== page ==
Dallas M. Burke dies; Madison County Coroner Nonn calls her 'undoubtedly the grandest - of our own'
EDWARDSVILLE - Madison County Coroner Steve P. Nonn announced this afternoon "with deepest regret and much sadness," the death of Dallas M. Burke. He described Burke as "one - and undoubtedly the grandest - of our own."
Madison County Coroner Emeritus Dallas M. Burke died at 3:07 p.m. Friday, Jan. 27, at Barnes Hospital in St. Louis at 90 years old.
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Nonn said Burke served the citizens of Madison County from 1972 until the year 2000 when she chose not to seek re-election to an eighth term in office. Although she turned the reins of the office over to current Coroner Nonn, Dallas was never thought of as “ex-coroner”, “former coroner”, or “retired coroner” as her influences and philosophies with the coroner’s office remained strong and resolute.
“Since I have been coroner, I have had one single mantra that has carried me through difficult and hard decisions. It was W.W.D.D…..what would Dallas do”, said Coroner Steve Nonn. “She supported me for the endorsement when I first considered running, she laid out a course of professionalism for the office, and provided me an office that was held in high esteem.”
It was tragic circumstances that first vaulted her to the Office of Coroner. In 1972, her husband Thomas J. “Bud” Burke, Jr., the owner of Burke Funeral Home in Alton and experienced as a Madison County Deputy Coroner, had won the Democratic nomination for county coroner. In May of that year, Bud was stricken and succumbed to a heart attack at the age of 52. Recognizing her experience with the mechanics of the coroner’s office from her assistance to Bud with death investigations coupled with formal training and medical knowledge as a registered nurse, Dallas was named to Bud’s spot on the ballot.
In November, 1972 the voters of Madison County elected Dallas M. Burke, R.N., as the first woman in Madison County and the State of Illinois to hold the position of County Coroner. Dallas Burke took the office forward in the years that followed moving the office from being one whose existence in government operations was measured mostly as the need to fulfill a requirement of statutory law and operated through the county’s network of funeral homes to a professionalized death investigation agency.
Early on she, along with many of the volunteer, funeral home-based deputy coroners, completed formalized training in the science of death investigation through St. Louis University under the direction of the late St. Louis City and County Medical Examiner, Dr. George Gantner, MD. Additionally, she trained through the Illinois Coroner and Medical Examiners Association, serving as a District Director for the organization as well.
Coroner’s inquests became formalized hearings taking place at the courthouse with jurors selected by the jury commission rather than a hearing with the coroner’s hand-picked jurors at a funeral home. Recognizing that death investigations were becoming more complex and more time consuming than her willing, well-intentioned, and well-meaning cadre of volunteer deputy coroners could handle, she made her case to the county board and was approved to hire full-time career coroner’s investigators to further professionalize the office.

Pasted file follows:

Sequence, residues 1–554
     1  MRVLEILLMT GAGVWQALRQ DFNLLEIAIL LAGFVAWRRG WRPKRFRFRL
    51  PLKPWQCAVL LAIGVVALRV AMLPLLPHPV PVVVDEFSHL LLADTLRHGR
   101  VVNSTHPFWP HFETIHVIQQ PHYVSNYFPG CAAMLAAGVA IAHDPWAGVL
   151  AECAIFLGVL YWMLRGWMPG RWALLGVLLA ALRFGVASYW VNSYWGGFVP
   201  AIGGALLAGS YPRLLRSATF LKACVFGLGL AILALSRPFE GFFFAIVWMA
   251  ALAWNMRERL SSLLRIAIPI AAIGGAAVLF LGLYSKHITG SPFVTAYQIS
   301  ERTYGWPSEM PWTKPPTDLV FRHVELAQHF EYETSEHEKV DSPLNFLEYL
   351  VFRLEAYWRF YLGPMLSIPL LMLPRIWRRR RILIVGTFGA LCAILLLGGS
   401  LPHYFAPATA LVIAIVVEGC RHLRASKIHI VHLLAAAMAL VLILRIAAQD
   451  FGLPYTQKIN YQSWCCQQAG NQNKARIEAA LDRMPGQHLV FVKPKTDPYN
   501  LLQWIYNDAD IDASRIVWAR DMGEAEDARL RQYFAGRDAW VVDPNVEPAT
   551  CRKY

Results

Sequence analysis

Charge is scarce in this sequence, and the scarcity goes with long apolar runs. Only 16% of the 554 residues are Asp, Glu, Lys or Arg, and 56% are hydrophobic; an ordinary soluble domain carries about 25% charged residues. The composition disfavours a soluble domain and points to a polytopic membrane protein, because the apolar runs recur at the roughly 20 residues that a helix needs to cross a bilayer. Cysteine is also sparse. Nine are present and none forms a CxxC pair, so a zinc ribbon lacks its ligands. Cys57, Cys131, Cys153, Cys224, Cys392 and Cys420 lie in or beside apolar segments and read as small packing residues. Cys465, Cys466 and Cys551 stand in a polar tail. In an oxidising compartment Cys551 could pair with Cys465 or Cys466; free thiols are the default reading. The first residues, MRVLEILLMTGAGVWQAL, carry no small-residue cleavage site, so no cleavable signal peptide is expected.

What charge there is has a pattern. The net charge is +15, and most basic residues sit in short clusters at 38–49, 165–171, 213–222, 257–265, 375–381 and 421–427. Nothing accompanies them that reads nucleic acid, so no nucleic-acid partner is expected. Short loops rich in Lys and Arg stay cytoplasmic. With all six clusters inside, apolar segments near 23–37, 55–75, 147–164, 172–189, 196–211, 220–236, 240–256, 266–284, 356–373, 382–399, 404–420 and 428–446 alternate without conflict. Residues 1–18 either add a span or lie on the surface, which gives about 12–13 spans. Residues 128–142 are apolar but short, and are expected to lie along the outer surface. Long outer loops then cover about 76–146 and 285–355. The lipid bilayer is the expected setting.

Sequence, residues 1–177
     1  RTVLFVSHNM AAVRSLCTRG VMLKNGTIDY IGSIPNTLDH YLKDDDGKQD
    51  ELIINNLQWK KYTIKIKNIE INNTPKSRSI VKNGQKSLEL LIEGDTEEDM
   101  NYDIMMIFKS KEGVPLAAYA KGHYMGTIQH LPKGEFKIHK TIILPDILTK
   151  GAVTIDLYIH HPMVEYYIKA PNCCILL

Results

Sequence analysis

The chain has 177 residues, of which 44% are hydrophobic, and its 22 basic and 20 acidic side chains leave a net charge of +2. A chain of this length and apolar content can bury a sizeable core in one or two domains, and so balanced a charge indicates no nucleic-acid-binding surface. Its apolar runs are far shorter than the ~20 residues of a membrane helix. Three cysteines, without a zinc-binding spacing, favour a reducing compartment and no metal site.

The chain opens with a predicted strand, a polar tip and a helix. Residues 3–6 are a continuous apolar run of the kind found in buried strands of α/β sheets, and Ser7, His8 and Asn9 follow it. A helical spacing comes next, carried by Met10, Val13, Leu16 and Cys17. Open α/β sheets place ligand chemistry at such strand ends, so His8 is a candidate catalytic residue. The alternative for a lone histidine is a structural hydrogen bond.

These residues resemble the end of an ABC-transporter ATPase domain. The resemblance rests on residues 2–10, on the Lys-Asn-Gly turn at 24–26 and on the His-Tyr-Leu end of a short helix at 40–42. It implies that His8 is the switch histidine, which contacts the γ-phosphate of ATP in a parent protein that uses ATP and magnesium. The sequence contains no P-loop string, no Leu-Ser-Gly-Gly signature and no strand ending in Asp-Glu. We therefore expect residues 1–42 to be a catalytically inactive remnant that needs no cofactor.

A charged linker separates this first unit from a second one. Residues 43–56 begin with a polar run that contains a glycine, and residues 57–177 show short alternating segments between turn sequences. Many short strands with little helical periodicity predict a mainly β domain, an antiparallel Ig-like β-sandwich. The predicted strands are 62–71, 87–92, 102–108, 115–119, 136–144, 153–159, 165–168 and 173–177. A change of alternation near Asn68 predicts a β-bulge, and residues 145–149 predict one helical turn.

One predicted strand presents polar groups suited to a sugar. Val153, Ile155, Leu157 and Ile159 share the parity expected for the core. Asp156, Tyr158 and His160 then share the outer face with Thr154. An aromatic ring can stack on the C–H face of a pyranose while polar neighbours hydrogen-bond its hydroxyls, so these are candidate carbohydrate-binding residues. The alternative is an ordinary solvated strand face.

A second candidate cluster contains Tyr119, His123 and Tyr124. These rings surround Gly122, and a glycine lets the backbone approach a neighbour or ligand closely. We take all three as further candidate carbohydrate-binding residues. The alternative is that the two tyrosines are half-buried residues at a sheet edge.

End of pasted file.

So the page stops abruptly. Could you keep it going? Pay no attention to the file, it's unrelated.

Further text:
Shortly thereafter, she transferred business office operations of the coroner’s office from the confines of her funeral home to the new Madison County Administration Building in Edwardsville. Then, in 1993, in what she always felt was one of her greatest achievements, Madison County opened the first county operated morgue and autopsy facility in downstate Illinois.
Previously, forensic examinations had been performed at area funeral homes. Coroner Burke, through the acquisition of free surplus and used equipment from the old Alton State Hospital and other area health care facilities and having an existing, vacant county building modified, managed to modernize this aspect of office operations for less than $50,000. With the opening of the morgue, she rebranded the coroner’s office as a vital entity of public safety and public health for the people of Madison County.
Prior to the completion of her final term, Coroner Burke began the process of having her career and experienced death investigators gain national certification through the American Board of Medicolegal Death Investigators. This process continued and achieved one hundred percent compliance after Nonn took the helm.
Bear in mind that many of these administrative tasks were being undertaken while she was fully engaged as an active, in-the-field investigator herself. Twenty-four hours a day, seven days a week, Dallas Burke could be seen on the job and she was seeing the worst of what mankind is capable of doing to another.
"There were adults. There were children. There were infants. Her cases ranged from the complex and complicated to the simple and routine, but each and every one was equally respected and she spoke eloquently for every stilled voice that she represented," Nonn said. "She did everything she could to unscramble the carnage and try to answer the myriad questions that followed. She knocked on many doors during those years and delivered news that no one wants to hear. She quietly endured the anger that comes with grief and offered solace to the bereaved."
Visitation for Coroner Emeritus Dallas M. Burke is scheduled for Monday, January 30, 2017, at Gent Funeral Home in Alton, Illinois. Funeral services are planned for 10 a.m. Tuesday, January 31 at St. Mary’s Catholic Church in Alton, Illinois. Interment will follow at St. Patrick’s Cemetery in Godfrey, Illinois. In lieu of flowers, memorials may be made to St. Mary’s Catholic School or the Alton Symphony Orchestra.
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